Microsoft is cracking down on misleading apps on the Windows Store.
The company has just announced that it has removed more than 1,500 dubious apps due to violations against its new app store guidelines.
"Every app store finds its own balance between app quality and choice, which in turn opens the door to people trying to game the system with misleading titles or descriptions," the company said in a press release.
"Earlier this year we heard loud and clear that people were finding it more difficult to find the apps they were searching for; often having to sort through lists of apps with confusing or misleading titles. We took the feedback seriously and modified the Windows Store app certification requirements as a first step toward better ensuring that apps are named and described in a way that doesn't misrepresent their purpose."
The company's revised directive gave three new requirements for developers:
1. an app's name must clearly reflect its function
2. It should be categorized accurately according to its function and purpose
3. Its icons must be unique enough that it won't be mistaken for others.
So far, the new policy only covers new app submissions and existing app updates. For existing apps, Microsoft is currently conducting a review. This means that all the apps in the Windows Store catalog are required to align their services with Microsoft's new guidelines. The company said that most of the developers who violated the policies meant well and have agreed to change their services. Those who resisted were axed from the Windows and Windows Phone Store.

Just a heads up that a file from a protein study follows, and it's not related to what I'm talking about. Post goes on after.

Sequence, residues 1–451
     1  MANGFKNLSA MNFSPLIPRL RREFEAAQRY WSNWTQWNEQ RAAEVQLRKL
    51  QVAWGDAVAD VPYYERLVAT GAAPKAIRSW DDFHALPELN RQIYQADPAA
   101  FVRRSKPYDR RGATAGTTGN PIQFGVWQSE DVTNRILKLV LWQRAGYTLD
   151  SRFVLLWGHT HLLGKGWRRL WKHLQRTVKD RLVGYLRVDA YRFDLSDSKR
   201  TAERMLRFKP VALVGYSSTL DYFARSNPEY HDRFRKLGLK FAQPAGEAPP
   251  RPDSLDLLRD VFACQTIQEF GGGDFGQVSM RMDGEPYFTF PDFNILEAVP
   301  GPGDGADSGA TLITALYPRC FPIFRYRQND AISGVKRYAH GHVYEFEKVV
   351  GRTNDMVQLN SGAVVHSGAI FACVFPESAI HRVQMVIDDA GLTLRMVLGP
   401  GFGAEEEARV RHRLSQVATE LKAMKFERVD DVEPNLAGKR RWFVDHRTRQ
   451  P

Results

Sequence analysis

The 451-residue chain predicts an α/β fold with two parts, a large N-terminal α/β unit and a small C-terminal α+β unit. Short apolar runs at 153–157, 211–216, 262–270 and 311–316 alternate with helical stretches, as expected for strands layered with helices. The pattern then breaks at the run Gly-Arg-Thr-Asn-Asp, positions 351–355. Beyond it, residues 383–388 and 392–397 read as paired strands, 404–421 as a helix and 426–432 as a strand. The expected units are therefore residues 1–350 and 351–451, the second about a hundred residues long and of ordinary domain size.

Last March, fake Google apps started appearing on the Windows Phone Store, highlighting a big problem with Microsoft's online marketplace. Scam apps that mimic Google's Maps, Hangouts, Search, Voice and Plus applications all came with $1.99 price tags. At that time, there was only one official Google app on the Windows Phone Store, the Google search app. The developer for the dubious apps went by the name "Google, Inc." Google's official developer name on the Windows Phone Store was "Google Inc." Other apps that have been copied on the Windows Phone Store include iTunes and Firefox.